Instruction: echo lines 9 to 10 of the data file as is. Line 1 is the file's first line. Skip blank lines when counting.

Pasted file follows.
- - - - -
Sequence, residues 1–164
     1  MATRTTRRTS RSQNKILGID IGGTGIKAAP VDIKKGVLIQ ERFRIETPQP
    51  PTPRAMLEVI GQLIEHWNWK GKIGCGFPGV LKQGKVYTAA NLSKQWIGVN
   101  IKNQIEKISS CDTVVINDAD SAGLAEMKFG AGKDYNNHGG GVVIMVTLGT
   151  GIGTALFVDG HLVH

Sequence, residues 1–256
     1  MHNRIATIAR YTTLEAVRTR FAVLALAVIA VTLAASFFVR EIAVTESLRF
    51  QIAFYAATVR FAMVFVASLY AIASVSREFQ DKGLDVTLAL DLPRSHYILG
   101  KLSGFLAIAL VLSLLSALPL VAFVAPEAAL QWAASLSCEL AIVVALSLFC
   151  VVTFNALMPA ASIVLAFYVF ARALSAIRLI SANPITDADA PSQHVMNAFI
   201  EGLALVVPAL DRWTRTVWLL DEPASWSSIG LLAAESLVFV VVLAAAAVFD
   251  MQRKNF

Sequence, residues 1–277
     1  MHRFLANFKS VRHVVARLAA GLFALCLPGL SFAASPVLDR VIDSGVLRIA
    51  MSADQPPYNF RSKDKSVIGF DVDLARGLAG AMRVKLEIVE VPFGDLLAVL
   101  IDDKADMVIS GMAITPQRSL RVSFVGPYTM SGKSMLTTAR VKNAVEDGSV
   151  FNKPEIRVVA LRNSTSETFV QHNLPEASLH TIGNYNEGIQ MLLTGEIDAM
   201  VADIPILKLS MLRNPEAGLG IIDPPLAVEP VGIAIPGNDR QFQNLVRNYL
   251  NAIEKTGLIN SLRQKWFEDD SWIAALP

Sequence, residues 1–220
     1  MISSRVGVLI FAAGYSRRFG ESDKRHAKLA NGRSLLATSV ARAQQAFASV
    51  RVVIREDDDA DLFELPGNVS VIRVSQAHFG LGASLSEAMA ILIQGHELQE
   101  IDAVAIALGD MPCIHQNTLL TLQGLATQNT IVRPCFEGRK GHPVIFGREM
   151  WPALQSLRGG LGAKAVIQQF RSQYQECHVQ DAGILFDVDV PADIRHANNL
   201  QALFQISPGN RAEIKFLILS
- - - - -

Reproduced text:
   101  KLSGFLAIAL VLSLLSALPL VAFVAPEAAL QWAASLSCEL AIVVALSLFC
   151  VVTFNALMPA ASIVLAFYVF ARALSAIRLI SANPITDADA PSQHVMNAFI